The Jazz Effect: A Conversation with Gigi Brooks

Gigi Brooks

When I think of women and their contributions to various industries, I feel an extreme sense of pride being a female myself.  We have had an enormous impact in our society and historically, been some of the most influential people who are in our history books. Some of the women in those books are Harriet Tubman, Rosa Parks and Sojourner Truth to name a few. These were powerful women who were on the move or contributing to a movement. They set an unparalleled precedent for those that followed. There are women on the move in today’s society who are everyday people whom you don’t hear about in the national news or in recent history books that should be recognized.

Women continue to have an impact in the home, workplace and community. We’ve take the music industry by storm with greats such as Whitney Houston, Gladys Knight, Etta James, Ella Fitzgerald and the list goes on. If we didn’t have supporting industries for these music queens, they possibly wouldn’t be as well known. Radio has spanned back numerous decades and has been a constant in people’s lives since its inception. As well, some female radio personalities have careers that have spanned over decades.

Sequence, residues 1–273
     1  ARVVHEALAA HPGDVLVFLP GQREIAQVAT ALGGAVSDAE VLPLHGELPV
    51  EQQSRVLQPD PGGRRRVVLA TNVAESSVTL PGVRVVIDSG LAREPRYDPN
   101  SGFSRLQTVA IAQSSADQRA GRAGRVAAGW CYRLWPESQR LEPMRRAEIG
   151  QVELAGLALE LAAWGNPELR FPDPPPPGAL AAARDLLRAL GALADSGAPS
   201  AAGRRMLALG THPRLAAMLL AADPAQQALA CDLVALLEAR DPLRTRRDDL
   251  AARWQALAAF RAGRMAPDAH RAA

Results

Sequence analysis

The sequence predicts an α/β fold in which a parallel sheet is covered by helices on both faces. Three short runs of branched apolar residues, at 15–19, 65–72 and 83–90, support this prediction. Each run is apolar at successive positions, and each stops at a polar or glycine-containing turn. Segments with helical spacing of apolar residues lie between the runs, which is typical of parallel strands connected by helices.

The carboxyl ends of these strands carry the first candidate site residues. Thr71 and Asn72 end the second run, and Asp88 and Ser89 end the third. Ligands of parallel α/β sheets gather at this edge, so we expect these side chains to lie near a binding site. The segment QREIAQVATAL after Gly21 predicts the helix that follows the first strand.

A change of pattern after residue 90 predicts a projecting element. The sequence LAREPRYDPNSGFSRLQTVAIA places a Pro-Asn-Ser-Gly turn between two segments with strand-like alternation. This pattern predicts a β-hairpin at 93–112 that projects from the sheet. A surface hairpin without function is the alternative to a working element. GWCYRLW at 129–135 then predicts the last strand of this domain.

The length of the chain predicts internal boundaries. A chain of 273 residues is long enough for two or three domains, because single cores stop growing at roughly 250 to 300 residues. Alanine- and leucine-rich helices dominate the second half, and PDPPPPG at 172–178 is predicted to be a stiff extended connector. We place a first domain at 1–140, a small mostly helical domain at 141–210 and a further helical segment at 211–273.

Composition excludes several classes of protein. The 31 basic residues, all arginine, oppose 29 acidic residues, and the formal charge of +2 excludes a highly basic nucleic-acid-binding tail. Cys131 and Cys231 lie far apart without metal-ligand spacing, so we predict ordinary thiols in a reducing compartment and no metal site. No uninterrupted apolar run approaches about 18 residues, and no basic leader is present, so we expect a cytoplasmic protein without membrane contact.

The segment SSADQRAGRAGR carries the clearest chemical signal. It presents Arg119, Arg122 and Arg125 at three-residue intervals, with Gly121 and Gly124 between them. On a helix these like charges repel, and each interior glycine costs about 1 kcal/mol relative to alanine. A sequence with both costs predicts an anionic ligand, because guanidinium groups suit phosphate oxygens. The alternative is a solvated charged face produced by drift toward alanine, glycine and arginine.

When I think of a female radio personality who truly has a love for what she does, I think of GiGi Brooks (Orlando, FL) who has been on the radio since she was 15 years old! She has produced, programmed and hosted the highest rated live Jazz radio show in the country and considered to be a well respected Jazz aficionado. I had the opportunity to interview GiGi Brooks and found out a little more about the Jazz enthusiast that I’d like to share with you:

OM: Why do you feel you gravitated to the Jazz genre of music as a young girl?
GiGi: As far back as I can remember, music was always in our home. My mother is a classically trained pianist and loves music and she played records in the house and we listened to it all of the time; even in the car. So as a little girl as young as three or four years old I began paying attention to the sounds of Motown, Frank Sinatra, Johnny Mathis, Barbara Streisand and Broadway.

Read the full interview at Onyx Magazine.

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